The second was at the conclusion of Cam Newton’s MVP season six years ago, when Peyton Manning and the Denver Broncos shut down Newton to win 24-10. Losing a Super Bowl obviously hurts, but if there’s any solace, the losses were to two of the greatest quarterbacks of all time.

Atlanta Falcons

Matt Ryan throws against the New England Patriots in Super Bowl LI.
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28-3. 28-3. 28-3. The Atlanta Falcons had Super Bowl LI in the bag before collapsing in epic fashion. Attribute it to Atlanta’s lack of experience or New England’s wealth of it, nobody should ever surrender a 25-point lead.

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Buffalo Bills

Jim Kelly looks on as the Buffalo Bills take on the New York Giants in Super Bowl XXV.
Peter Read Miller /Sports Illustrated via Getty Images

Buffalo’s Super Bowl history is heartbreaking. Four Super Bowl appearances in four years and no wins. That has to be a statistical anomaly. Jim Kelly and the Bills of the early ’90s were great, but their greatness is overshadowed by the lack of a Lombardi Trophy.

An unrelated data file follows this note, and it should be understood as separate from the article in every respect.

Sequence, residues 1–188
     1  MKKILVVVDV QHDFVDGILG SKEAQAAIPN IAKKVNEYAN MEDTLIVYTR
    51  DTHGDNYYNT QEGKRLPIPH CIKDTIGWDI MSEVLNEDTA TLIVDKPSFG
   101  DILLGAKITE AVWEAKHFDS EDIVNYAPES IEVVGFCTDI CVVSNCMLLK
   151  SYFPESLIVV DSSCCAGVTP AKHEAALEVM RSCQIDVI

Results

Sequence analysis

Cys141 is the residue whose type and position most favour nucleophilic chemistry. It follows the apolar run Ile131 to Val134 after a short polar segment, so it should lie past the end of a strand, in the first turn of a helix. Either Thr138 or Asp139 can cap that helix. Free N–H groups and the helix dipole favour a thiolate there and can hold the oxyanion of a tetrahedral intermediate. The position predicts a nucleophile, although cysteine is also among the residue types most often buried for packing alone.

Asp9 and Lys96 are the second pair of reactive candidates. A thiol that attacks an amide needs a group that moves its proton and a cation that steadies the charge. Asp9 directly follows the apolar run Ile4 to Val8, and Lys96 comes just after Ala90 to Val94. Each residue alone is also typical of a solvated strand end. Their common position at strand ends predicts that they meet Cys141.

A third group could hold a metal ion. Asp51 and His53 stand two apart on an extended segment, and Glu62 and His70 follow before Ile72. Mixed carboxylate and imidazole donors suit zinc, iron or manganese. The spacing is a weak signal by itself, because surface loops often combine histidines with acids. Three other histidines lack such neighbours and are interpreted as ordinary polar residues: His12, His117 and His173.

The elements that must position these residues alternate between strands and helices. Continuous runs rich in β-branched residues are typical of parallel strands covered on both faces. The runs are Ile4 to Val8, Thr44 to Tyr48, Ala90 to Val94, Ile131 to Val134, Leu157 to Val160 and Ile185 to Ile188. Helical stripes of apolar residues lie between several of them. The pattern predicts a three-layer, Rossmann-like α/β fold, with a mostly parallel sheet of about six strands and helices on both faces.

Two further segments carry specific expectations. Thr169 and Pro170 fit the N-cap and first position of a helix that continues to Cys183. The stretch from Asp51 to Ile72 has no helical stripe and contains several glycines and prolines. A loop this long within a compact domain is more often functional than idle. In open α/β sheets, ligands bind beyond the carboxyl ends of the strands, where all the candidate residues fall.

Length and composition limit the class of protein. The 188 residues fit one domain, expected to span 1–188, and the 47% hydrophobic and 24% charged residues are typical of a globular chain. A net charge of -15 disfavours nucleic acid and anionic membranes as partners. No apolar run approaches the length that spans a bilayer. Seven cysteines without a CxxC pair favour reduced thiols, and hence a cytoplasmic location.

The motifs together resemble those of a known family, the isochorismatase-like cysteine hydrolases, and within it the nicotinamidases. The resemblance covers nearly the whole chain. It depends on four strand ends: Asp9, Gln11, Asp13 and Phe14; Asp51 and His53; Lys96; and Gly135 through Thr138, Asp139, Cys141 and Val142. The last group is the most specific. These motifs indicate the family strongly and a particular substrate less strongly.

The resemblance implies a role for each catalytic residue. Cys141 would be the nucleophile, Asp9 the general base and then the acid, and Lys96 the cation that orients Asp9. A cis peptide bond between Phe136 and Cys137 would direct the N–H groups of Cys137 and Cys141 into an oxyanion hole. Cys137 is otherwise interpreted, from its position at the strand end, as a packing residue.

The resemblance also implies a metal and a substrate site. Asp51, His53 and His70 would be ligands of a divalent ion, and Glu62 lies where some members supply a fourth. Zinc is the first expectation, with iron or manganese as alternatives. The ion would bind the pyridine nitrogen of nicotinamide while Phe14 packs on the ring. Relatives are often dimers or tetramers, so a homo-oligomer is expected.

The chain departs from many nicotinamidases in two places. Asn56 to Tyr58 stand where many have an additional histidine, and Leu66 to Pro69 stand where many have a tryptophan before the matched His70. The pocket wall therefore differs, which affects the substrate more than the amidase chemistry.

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Watch out for the Bills in 2022. After two devastating losses to the Chiefs in the AFC Championship Game, Josh Allen and Co. will be out for blood.

Minnesota Vikings

Fran Tarkenton drops back to pass against the Oakland Raiders in Super Bowl XI.
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The Vikings were one of the best franchises of the early Super Bowl era. Minnesota reached the big game four times from 1969 to 1976, but they couldn’t pull out a victory in any of them. They haven’t returned since.

MORE: The 15 Funniest Super Bowl Commercials Ever Made, Ranked

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Joe Grobeck About the author:
Joe is a graduate of the University of Nebraska-Lincoln and lives in Austin, Texas. He believes Ndaumkong Suh should've won the 2009 Heisman and is an avid basketball fan.